Alban Berg, a composer of the modern age nostalgic for the 19th century
Alban Berg was, with Webern, the most prominent representative of the Second Viennese School. At first self-taught, he composed numerous works in the style for the Romantics. His encounter with Arnold Schoenberg in 1904 would be decisive for his musical development. The composer was to learn and assimilate the twelve-tone technique and to apply it to his works without, however, relinquishing lyricism, poetry and Romantic expression.
Alban Berg's incomparable work
Of a calm and introverted disposition, Alban Berg spent almost all his life in Vienna. His operas conveyed his expressionistic Angst like his doubts related to musical language. In Wozzeck (1922), he transcribed musically his vision of death, whereas Lulu is a testament to the unconscious, desire and violence. Weakened by the scandals his works provoked, Berg had difficulty finding his place when faced with modernity and avant-gardism. His personality remained profoundly discreet.
Although his work exploited the Viennese School’s techniques with incomparable artistic sensitivity, its’ nostalgia, freedom and indefinable purity remain exceptional. He used the serial technique for his Lyric Suite, yet the music is heartrending, confiding his passionate love for Hanna Fuchs-Robertin, Alma Mahler’s sister-in-law. Suffering from bad health, Alban Berg died of septicaemia in 1935 at the age of 50 without ever having time to write the last act of his opera Lulu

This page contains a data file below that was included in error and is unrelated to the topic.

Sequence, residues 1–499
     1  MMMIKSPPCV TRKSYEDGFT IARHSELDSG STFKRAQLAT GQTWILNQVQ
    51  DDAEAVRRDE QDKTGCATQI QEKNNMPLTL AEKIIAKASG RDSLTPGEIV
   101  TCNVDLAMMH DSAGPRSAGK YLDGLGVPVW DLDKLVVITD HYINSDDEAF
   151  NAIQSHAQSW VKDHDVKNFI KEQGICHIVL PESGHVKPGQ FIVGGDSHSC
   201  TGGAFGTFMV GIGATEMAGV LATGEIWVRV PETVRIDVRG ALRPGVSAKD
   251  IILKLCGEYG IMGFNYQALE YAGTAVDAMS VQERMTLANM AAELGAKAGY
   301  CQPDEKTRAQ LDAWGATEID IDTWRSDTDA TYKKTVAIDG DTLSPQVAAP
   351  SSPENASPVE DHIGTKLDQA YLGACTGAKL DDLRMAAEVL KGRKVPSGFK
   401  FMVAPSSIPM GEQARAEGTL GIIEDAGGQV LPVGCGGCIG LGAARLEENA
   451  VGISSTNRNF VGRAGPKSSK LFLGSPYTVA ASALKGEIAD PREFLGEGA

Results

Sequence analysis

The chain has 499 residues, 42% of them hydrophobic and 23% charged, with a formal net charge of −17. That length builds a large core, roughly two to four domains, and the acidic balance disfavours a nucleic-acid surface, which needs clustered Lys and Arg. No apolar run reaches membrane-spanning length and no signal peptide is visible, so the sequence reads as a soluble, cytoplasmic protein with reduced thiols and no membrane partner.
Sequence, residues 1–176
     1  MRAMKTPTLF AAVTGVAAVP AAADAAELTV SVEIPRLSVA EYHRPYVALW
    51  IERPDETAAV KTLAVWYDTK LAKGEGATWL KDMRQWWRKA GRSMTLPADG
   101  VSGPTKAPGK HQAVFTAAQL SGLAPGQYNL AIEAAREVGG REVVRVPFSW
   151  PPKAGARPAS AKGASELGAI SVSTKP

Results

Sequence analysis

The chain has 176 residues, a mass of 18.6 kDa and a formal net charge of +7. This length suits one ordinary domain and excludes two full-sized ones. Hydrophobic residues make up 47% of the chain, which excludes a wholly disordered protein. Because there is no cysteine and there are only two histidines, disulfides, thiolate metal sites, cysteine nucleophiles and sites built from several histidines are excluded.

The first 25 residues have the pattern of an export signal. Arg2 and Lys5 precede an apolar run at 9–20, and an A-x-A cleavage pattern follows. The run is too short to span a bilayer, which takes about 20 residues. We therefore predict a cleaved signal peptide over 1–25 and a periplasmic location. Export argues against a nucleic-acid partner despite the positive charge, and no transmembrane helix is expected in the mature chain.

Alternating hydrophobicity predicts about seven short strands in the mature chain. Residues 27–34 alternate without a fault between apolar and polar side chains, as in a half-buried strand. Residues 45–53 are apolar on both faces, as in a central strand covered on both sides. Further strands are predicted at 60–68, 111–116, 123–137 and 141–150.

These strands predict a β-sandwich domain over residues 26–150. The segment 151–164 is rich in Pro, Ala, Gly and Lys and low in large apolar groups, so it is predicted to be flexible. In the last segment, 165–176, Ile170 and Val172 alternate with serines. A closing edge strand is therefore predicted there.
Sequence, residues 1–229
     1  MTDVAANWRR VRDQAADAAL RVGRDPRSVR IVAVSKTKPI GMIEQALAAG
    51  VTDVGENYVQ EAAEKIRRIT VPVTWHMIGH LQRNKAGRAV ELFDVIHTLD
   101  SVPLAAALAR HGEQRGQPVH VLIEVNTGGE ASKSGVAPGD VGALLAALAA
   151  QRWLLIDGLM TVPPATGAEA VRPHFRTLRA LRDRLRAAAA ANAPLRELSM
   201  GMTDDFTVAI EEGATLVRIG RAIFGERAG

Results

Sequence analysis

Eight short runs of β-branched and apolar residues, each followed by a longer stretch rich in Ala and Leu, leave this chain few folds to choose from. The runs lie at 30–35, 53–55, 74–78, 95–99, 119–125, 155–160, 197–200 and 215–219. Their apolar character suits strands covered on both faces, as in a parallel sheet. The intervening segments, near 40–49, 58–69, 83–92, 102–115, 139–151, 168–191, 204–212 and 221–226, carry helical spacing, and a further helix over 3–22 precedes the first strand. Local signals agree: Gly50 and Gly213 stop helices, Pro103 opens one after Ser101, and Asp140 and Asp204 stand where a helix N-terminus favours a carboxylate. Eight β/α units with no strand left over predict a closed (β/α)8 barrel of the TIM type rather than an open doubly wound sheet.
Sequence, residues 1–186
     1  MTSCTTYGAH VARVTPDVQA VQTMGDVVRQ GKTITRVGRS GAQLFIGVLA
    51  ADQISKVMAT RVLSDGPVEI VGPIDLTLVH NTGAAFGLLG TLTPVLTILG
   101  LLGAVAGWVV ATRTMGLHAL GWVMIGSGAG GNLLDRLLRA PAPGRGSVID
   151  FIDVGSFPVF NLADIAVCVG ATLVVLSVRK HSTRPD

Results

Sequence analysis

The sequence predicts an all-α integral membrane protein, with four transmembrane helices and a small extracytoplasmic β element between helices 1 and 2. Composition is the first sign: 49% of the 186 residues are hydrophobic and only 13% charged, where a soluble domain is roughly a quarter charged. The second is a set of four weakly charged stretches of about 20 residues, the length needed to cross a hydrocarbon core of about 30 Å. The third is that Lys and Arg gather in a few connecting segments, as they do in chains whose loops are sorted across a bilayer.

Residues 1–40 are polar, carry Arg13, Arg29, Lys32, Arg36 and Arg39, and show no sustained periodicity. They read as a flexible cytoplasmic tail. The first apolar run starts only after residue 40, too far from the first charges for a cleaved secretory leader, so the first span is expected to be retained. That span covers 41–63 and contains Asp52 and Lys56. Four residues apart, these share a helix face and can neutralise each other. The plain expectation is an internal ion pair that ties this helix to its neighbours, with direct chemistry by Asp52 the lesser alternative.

"He who prefers to believe that it is solely my gratitude and friendship that prompt me to express my admiration, may I remind him that I am only capable of reading music through sounds... I was able to form an idea of the talent displayed... I salute you, Alban Berg!”